Let’s take a look at a simple decile report ranked by some predetermined measure of value which reveals the following:

% of Customers Ranked by Value Average Customer Value % of Total Value Captured in Interval.




20% best


15% customers








In the value decile report above, we have identified the top 30% as being our best customers. Each decile within the top 30% contributes over 10% of the total value from the entire customer base with the remaining deciles (70%) contributing 10% or less. The ability to produce a report like this can motivate marketers to initiate a program where in effect different deciles or segments within this report can be tested within a campaign. Both push and pull type marketing campaigns can be generated with specific initiatives and activities based on whether someone is a best customer, looks like a best customer or is not in any of the aforementioned groups. As disciplined analytics practitioners, these activities against certain segments would be continually evaluated and adjusted accordingly.

Within the marketing world, there are ultimately three core objectives as it relates to customer management: acquisition, migration, and retention of customers. Does marketing know where to prioritize its initiatives?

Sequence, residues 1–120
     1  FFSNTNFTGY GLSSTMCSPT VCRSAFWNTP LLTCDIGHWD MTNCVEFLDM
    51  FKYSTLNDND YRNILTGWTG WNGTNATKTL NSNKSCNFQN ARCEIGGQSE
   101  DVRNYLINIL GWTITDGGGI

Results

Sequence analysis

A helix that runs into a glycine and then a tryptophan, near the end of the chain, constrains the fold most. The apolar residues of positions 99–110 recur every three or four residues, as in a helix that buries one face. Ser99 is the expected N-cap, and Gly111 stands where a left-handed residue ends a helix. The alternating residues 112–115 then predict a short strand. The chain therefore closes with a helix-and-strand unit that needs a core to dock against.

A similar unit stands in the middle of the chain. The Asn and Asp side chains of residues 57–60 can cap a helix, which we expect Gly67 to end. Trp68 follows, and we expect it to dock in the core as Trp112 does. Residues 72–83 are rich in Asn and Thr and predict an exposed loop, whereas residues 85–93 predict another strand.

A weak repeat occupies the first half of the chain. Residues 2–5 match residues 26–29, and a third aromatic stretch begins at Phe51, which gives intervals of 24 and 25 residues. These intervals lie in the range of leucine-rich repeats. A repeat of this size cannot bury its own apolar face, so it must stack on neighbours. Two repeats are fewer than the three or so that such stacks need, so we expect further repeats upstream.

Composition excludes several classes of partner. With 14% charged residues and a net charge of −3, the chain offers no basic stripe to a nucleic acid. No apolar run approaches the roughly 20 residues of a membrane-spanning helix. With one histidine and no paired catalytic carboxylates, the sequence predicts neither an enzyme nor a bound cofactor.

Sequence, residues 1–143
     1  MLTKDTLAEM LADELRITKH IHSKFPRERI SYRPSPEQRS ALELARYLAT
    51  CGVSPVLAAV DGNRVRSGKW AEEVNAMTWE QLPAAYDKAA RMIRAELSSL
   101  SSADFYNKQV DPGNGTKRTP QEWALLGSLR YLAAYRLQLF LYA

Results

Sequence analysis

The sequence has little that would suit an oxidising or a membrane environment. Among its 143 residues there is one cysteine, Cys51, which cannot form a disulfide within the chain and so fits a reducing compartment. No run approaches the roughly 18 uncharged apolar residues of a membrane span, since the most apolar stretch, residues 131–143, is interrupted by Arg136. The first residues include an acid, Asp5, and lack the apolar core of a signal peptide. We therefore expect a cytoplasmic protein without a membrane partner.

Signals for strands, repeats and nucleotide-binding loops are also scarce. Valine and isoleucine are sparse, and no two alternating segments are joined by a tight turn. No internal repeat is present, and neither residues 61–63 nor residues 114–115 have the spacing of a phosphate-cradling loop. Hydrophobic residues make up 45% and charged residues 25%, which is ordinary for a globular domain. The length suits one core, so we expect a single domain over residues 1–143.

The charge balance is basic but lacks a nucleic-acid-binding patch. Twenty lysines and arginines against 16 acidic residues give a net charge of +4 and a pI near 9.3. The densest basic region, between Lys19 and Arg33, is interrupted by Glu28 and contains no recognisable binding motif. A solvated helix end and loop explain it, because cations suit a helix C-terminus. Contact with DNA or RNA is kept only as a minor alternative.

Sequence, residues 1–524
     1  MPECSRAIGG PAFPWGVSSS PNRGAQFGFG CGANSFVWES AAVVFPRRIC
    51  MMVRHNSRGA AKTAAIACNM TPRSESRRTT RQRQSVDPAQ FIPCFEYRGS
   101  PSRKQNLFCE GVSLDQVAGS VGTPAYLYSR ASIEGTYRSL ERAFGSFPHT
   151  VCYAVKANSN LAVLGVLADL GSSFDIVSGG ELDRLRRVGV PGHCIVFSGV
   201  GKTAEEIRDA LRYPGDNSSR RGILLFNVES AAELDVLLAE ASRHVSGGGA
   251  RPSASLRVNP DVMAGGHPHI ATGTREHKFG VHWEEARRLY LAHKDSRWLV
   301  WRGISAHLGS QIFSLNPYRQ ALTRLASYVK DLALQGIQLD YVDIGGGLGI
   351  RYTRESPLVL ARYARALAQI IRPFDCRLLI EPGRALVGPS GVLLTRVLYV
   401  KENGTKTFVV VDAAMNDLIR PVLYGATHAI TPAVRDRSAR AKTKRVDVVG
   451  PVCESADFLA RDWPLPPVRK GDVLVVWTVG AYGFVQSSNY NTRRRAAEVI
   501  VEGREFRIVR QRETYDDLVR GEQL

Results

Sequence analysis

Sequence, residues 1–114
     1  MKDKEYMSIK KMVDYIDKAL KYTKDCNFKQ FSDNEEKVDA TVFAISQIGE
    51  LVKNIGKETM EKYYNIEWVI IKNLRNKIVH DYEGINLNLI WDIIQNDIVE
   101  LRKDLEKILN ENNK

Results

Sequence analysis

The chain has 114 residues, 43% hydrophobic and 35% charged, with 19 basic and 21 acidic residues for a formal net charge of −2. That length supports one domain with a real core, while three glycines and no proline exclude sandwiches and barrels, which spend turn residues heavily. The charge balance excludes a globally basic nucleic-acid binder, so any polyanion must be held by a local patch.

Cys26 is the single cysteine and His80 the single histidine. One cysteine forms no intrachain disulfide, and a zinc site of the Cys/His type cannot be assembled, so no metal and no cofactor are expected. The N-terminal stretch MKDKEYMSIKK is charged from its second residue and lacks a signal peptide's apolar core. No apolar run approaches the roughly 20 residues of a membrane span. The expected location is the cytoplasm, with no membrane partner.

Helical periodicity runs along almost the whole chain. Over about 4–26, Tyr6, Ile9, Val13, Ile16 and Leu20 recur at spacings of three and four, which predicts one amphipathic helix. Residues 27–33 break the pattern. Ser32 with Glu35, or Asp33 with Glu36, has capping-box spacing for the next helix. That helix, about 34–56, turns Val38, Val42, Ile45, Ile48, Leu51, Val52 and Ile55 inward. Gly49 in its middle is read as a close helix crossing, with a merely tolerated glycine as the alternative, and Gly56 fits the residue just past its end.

The common marketing refrain is that we focus on all three. But simple analysis may indicate that there one objective should be the priority. For example, a simple KPI report might reveal the following:

  Period 1 Period 2 Period 3 Period 4
Acquisition Rate 2% 1.80% 2.10% 1.90%
% of active customers that increased their spend 25% 22% 19% 15%
% of active customers who have cancelled or defected. 2% 4% 7% 10%


In this simple report above, clearly there are migration (increase in spend) and defection problems that may be stemming from the same issue. But the larger problem here would be defection which has increased fivefold over 4 periods. The great utility of KPI reports is not to solve problems but rather to identify problem areas that need investigation. In this case, the analytics would need to probe deeper into why defection has increased dramatically.